We describe and analyze efforts made between 2002 and 2008 when the Chicago Public Schools (CPS) was clearly engaged in a process of systemic reform of K-12 math and science education aimed at improving students' and teachers' classroom experiences and academic performance. Systemic reform of education involves a process through which sets of policies and practices operate coherently to move interconnected resources and groups of people toward improved teaching and learning for all children. In Chicago, reform activities focused on helping teachers acquire a deeper understanding of the content knowledge they taught, become more skilled at using high quality curricular materials, and become more adept at making instructional decisions 'on-their-feet' as they taught. Efforts focused on serving the typical CPS student who often came into class with less preparation in math and science than ideal and from low income urban neighborhoods.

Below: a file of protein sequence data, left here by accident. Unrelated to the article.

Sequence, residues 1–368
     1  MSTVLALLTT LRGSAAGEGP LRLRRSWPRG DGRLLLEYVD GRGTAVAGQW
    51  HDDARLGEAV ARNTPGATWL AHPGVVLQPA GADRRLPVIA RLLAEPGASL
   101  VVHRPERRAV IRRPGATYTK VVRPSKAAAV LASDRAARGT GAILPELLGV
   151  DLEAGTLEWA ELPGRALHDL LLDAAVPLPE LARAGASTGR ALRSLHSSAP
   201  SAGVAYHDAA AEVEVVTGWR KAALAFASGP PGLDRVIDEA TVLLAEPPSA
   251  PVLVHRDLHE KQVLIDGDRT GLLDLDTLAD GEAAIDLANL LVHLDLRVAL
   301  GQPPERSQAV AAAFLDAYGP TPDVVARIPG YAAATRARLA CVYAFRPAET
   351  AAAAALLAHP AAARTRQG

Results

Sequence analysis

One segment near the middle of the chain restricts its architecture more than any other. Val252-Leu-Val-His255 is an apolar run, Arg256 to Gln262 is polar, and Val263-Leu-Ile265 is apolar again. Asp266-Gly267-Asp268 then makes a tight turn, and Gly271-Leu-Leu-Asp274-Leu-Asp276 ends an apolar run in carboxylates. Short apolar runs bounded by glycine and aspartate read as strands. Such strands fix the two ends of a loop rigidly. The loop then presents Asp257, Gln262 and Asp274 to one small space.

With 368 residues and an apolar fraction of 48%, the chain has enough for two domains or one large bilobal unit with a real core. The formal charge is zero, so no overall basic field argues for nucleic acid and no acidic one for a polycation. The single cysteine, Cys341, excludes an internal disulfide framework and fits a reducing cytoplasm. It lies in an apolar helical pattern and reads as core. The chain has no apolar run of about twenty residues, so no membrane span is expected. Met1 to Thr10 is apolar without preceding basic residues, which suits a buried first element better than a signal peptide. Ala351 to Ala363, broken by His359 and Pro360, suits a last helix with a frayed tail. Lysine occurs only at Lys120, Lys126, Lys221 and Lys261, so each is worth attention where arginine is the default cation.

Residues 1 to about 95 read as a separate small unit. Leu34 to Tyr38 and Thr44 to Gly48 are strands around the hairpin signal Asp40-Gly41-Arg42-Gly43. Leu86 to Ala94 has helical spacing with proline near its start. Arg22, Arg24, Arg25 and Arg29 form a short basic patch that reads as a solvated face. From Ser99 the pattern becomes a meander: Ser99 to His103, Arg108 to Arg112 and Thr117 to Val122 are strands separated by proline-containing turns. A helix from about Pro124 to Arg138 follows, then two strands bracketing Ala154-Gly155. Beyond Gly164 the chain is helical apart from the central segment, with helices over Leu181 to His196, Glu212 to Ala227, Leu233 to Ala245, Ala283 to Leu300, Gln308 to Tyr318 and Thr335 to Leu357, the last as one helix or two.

The scale of this reform effort was vast, extending across the over 500 schools, over 20,000 teachers and over 400,000 students in CPS. For example, in 2005-2006 over 3000 math teachers and 1000 science teachers participated in workshops offered to new users of specific math and science curricular materials. In that year, almost 400 schools used these district-supported materials. To give another example, during each year of the reform CPS and its reform partners supported the tuition of approximately 500 teachers taking graduate level math and science university courses.
The reform plan included data collection and feedback loops to inform decisions made at system, district, school and classroom levels, by drawing on formative and summative evaluation, student assessment, and monitoring of outcomes. In this document we draw on these data sources to examine the reform plans and the dynamic changes in activities as adaptations were made. We describe how these processes played out across five years until major changes in district-level leadership altered the context.